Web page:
Fruitscaping with Peach, Plum, and Nectarine Trees
Each season provides its own kind of beauty with peaches, plums and nectarines. Spring brings billows of fragrant pink to red flowers like cotton candy clouds, followed by months of beautiful fruit changing from green to yellow, gold, peachy red or purple. In fall, leaves turn bright yellow. Standard-sized trees can be used as small shade trees or as part of a fruitful border. When full grown, the willowy trees are 12-18 feet tall. Mix peaches, plums and nectarines with smaller fruits such as blueberries, blackberries, figs and pomegranates. Group them along a pathway so you can enjoy them close up!
View Our Full Peach Trees Planting and Growing Guide
Where Should I plant Them?Â Peaches, plums and nectarines prefer well-drained soils and part to full sun.
Root Stock:Â Peaches, plums and nectarines are highly susceptible to nematodes in the Deep South, especially in sandy soils. Nemagard or Guardian are the preferred rootstocks as they offer resistance to the pesky little worms. Our trees for Zone 8 are grafted on Nemaguard while the tropical plums are grafted onto Guardian. All plums require a pollinator.
FertilizerÂ These guys are ferocious feeders so it really pays to do a light application of manure and hay in the spring. Then side dress with a balanced fertilizer high in trace elements in February (Or after the last freeze in your area), May, and late July.
Growing your own peaches is well worth the effort. Most of the peaches you buy in the store are picked green, so they rarely resemble the real thing. In other words, they donâ€™t taste so good. If you want SWEET, soft, juicy peaches that arenâ€™t pumped full of chemicals, take the time to grow your own. If you want peaches all summer long, choose several varieties that ripen at different times, as itâ€™s just as easy to take care of half a dozen trees as one.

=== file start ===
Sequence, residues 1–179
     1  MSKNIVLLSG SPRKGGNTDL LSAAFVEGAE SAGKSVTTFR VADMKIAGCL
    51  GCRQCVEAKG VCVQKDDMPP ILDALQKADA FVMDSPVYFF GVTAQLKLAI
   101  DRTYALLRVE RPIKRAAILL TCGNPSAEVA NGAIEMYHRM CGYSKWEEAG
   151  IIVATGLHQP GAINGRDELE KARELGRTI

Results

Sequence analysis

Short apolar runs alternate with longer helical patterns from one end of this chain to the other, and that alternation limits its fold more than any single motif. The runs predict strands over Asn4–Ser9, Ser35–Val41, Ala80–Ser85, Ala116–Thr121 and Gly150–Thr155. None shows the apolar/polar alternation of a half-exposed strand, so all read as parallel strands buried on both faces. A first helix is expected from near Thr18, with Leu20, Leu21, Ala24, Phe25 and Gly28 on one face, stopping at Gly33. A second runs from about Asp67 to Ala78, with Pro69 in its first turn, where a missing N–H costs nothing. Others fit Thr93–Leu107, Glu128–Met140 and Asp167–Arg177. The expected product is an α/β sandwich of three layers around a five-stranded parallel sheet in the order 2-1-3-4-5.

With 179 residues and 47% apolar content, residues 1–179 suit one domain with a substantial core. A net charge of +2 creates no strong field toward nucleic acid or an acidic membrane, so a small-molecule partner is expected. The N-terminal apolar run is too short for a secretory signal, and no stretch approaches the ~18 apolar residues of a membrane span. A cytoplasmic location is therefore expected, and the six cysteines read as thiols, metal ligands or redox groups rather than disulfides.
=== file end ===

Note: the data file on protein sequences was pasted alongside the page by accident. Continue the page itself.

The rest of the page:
In researching varieties to grow in our area, we looked into Louisiana State Universityâ€™s breeding program. Louisiana has a large low-chill peach belt in the southern part of the state that produces some of the finest tasting peaches in the United States. Because of Louisianaâ€™s high humidity, their breeding program is aimed at disease resistance. They achieve some of this resistance by using a simple trick of nature â€” they breed peaches with extra long fuzz on the skin. This fuzz acts like a raincoat, keeping fungus spores that cause fruit rot from settling in the skin of the peach.
The University of Floridaâ€™s great breeding program has given us peaches adapted to the very low chill Zones 9 and 10, as well as Zone 8. New non-melting peaches stay firm while they sweeten up (check out the Gulf and UF series!). This increases eating quality, shelf life and appearance of these wonderful peaches. What a selection to choose from! All peaches are grafted on Nemaguard or Guardian rootstock.
If you are uncertain about your chill hours, contact your County Cooperative Extension Agent or local Department of Agriculture.Â You may also click here to view the USDA zone Map and see which match your growing zone.